High Anxiety: NYC Elementary School Students Return to School Tuesday Amid Confusion and Distrust
New York City elementary schoolers return to classrooms for the first time in six months on Tuesday, amid a fever pitch of anxiety stemming from rising COVID cases in some neighborhoods, lingering questions over the city finding the staff needed to implement hybrid learning, and a call by the principals union on Sunday for the mayor to hand over his control of schools to the state.
“I don’t think that [the chancellor and the mayor] planned this well at all,” said Marianela Aponte, the PTA president of P.S. 304 in the Bronx. “We’re worried.”
On Sunday night, less than two days before a reopening already marked by confusion and delay, the executive board of the principals union issued a unanimous “no confidence” vote against Mayor Bill de Blasio and schools Chancellor Richard Carranza, saying the state Education Department should seize the reins of the nation’s largest school district.
“All summer long, we’ve been running into roadblock after roadblock, with changing guidance, confusing guidance — often no guidance,” Council of School Supervisors and Administrators President Mark Cannizzaro said on Sunday. “School leaders have lost trust and faith in Mayor de Blasio and Chancellor Carranza to support them in their immense efforts and provide them with the guidance and staffing they need. Quite simply, we believe the City and DOE need help from the State Education Department, and we hope that the mayor soon realizes why this is necessary.”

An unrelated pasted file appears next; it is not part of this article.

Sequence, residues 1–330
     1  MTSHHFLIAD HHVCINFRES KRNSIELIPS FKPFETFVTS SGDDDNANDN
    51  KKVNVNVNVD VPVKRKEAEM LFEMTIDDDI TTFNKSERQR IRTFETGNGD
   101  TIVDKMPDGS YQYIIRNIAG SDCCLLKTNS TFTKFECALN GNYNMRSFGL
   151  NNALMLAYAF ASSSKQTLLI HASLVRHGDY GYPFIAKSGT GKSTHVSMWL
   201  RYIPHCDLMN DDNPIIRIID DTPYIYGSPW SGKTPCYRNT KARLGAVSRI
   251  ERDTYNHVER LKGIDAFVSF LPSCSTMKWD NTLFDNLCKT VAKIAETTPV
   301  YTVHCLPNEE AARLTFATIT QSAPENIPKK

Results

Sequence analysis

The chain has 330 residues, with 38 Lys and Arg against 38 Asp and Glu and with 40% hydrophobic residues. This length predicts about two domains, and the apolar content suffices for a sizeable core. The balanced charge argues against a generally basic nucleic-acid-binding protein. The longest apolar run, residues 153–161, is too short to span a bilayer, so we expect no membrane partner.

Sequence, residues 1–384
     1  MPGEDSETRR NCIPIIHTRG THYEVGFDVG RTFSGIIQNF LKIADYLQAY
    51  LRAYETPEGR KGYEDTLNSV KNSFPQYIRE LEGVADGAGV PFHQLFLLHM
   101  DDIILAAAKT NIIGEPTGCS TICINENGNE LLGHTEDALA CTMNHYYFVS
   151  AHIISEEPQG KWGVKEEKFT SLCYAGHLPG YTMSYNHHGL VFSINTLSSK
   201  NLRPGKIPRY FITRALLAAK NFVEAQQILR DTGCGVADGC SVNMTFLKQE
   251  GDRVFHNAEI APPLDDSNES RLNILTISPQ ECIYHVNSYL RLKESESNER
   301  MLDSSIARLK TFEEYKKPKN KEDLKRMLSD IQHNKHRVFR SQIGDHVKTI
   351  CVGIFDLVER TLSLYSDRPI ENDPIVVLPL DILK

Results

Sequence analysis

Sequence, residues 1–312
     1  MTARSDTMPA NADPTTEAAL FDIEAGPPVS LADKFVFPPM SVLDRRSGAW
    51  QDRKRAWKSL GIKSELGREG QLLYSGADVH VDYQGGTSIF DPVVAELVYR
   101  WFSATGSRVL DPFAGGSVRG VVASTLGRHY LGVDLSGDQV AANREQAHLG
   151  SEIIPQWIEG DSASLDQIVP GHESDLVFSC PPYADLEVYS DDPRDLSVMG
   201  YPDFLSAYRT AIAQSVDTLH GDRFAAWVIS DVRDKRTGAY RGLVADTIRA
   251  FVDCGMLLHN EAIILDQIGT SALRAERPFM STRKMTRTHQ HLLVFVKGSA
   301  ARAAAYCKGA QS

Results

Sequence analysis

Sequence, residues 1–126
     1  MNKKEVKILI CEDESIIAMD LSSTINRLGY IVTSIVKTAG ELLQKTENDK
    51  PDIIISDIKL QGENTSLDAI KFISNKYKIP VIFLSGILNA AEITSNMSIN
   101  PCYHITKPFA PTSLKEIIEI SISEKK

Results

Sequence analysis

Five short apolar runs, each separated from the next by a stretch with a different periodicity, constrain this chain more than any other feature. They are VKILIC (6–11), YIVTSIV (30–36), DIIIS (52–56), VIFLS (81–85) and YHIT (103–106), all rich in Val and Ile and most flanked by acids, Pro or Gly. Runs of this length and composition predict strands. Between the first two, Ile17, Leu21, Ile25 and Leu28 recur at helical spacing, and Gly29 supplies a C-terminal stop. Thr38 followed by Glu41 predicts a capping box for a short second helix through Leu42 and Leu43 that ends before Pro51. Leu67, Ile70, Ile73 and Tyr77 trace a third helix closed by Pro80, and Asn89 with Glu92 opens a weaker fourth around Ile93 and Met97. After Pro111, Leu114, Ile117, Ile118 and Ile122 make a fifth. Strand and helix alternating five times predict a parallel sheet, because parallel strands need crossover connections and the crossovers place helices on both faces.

The CSA was pushed to the brink by a last-minute agreement Friday between the teachers union and the city allowing teachers whose students are learning remotely to work from home, and giving priority for remote assignments to teachers with family members susceptible to complications from the virus. Some 23 percent of the city’s roughly 75,000-member teacher corps have already been granted a medical accommodation to work from home, and the deal further clouded the question of which teachers would be instructing which group of students, and whether there would be enough to cover both in-person and remote learning.
“I’m not confident right now that everyone has the teachers they need,” Cannizzaro said.
“I’m glad [the principals union] had the courage to do this,” said Farah Despeignes, a Bronx parent and Community Education Council leader who helped organize a rally in her neighborhood on Friday night, and who is orchestrating a protest scheduled to take place Tuesday afternoon.
Despeignes said that many parents she’s talking to feel frustrated and unheard by city leadership.
“Generally speaking, parents are feeling it,” she said. “And they want to do something.”
New York City is one of the country’s few large urban districts to attempt a return to in-person learning. Pre-kindergartners and students with significant disabilities went back to school last Monday, while elementary school students returned to buildings on Tuesday. Middle and high schoolers are scheduled to start on Thursday.